Thursday, February 11, 2016

Review - The Bridge

February 11, 2016

The Bridge – Germany, 1959

In the final moments of Bernhard Wicki’s powerful and disturbing 1959 film The Bridge, it is revealed that the film is based on an incident that occurred on April 27, 1945, one which is not mentioned in any of the official military communiqués. The film implies that this omission reflects the military’s view that the event was insignificant; however, I have another theory. Occurring just three days prior to the suicide of Adolf Hitler and only ten days before Germany would officially surrender to the Allied Powers, just what would the average German have made of the events depicted in the film? After all, a truthful accounting of the incident would have revealed military ineptness, ranks so depleted that the army resorted to drafting children, and a series of blunders that resulted in the deaths of six young men who in better times would have been more worried about making a good impression on their first date than in saving every inch of the Fatherland.  Better, someone likely thought, to cover this up, and avoid the inevitable fallout.

The film begins in a small town that has understandably soured of conflict in the waning days of the Second World War. That the war is reaching its end is something that the majority of the town’s residents seem not only acutely aware of but also eager to have happen. In the film’s opening moments, Wicki gives us a picture of an area that is apparently so close to the war that an errant bomb could drop on it at any moment. Perhaps this is why we see evidence of a growing sense of panic, as if the war is steadily creeping toward them. One mother tries to get her headstrong son to leave the area and stay with her sister; another man sends his wife away on a train without even giving her time to say goodbye to her son, and everywhere one looks, Nazi officials appear to be packing up and departing as rapidly as they can. A lot can read into the fact that civilians are being left to fend for themselves.

The film introduces us to seven young high school classmates, each of them as die-hard patriotic as the next. Theirs is a generation that has feasted on official government propaganda for most of their lives, and, as such, they look forward to the day when their number is called. In one scene, three of them study a classroom map that displays the positions of German soldiers and make mental calculations about where they will go next and what strategy they will use to achieve victory. At the same time, they hope it doesn’t end before they get the opportunity to be part of it. Their teacher, a man who was once filled with the same nationalistic fervor as they are, tries to temper their enthusiasm for war with brief remarks that reveal his acceptance of an inevitable German defeat, yet instead of hearing his words and understanding the sentiments behind them, his students question his patriotism, and he has no choice but to backtrack slightly and assume a safer position.

The first half of the film is devoted to establishing the characters of the seven classmates, and one of the things I appreciated most about this part is how we are able to see in them aspects of an average, everyday teenager. These are youngsters who clown around, build tree houses, get excited over alcohol, and develop crushes on young ladies, and yet even as the film builds them up in this way, it never loses sight of what makes them different – their glorification of the war and their earnest pursuit of a way into it. A scene in which they receive news that their draft notice has arrived is heartbreaking in that it captures one of the follies of youth – the unbridled eagerness to grow up far too soon. It reminded me somewhat of the scene in All Quiet on the Western Front in which students tear up their books and throw the scraps into the air. As pieces of textbook confetti reigns upon them, it is impossible not to notice the symbolism, that the seeds of knowledge are being torn assunder in a mad rush to fight. All Quiet is set during World War I. Watching The Bridge, I was shocked at how little had changed.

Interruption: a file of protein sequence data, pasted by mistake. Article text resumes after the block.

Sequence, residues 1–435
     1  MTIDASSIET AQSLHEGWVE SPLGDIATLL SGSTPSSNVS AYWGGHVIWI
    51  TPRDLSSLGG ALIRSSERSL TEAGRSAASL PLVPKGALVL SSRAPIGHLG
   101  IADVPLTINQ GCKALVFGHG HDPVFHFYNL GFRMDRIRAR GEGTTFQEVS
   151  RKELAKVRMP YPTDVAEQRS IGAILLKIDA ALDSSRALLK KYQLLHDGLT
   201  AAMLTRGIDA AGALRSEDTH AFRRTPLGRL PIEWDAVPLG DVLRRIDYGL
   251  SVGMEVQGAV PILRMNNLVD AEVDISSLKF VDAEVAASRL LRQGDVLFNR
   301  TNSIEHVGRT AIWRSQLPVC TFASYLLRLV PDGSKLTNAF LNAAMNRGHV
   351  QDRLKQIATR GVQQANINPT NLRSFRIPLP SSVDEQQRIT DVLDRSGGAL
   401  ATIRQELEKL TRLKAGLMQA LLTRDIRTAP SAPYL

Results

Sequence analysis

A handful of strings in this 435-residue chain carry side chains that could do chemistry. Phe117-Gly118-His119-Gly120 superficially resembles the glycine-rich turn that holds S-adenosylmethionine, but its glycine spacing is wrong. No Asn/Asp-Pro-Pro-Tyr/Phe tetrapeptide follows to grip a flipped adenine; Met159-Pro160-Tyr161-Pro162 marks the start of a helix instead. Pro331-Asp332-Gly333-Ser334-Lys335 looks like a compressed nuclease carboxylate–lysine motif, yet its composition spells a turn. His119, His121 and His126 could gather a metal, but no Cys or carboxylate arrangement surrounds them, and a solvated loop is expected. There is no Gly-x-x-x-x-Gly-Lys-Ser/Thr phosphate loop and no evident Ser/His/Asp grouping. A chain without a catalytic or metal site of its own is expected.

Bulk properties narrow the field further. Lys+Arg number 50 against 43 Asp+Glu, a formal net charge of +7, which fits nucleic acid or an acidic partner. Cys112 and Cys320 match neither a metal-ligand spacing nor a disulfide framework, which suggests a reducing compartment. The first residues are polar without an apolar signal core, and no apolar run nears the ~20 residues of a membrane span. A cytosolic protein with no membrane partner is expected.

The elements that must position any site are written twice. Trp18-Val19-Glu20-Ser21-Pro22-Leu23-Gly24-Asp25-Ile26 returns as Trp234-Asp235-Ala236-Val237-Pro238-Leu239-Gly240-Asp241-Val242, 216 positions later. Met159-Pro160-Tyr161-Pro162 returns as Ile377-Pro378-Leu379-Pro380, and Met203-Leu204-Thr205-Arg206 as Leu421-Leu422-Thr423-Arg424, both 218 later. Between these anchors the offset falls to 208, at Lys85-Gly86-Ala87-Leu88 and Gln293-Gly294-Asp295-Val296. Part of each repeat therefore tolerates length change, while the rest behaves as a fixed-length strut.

The Bridge’s final act is brutal, confusing, and tragic, and Wicki pulls no punches. With each shot fired and each rocket propelled, youth and innocence die a little bit more. In these scenes, Wicki focuses his camera on the dirtying faces of the seven youngsters, so bright eyed and clean just days earlier, and as their skirmish progresses, they become less distinguishable as shock and grim reality sweep across their faces, practically wiping away all of their individuality and virtuousness. This, Wicki appears to be telling us, is war’s toll on man, and it made me recall the snide, jaded remarks of more seasoned veteran soldiers earlier in the film, some of whom talked about fleeing at the sound of the first shot. In these soldiers, we see what one can become after years of being in all-out scuffles and repeatedly coming so close to death; that same combination of world-weary numbness and cynicism is what awaits each of the seven young men who so enthusiastically and stoically march off to war. They are the heartbreaking embodiment of Lord Alfred Tennyson’s memorable quote Theirs [is] not to reason why, theirs [is] but to do and die. With The Bridge, Wicki shows us the terrible consequences that await when those whose job it is to reason why become so caught up with winning that individuals become insignificant and the ends, however impractical, are used to justify some pretty awful means. It is a film I will never forget. (on DVD and Blu-ray from the Criterion Collection)

4 stars

*The Bridge is in German and English with English subtitles.
*The Bridge was nominated for Best Foreign Language Film.

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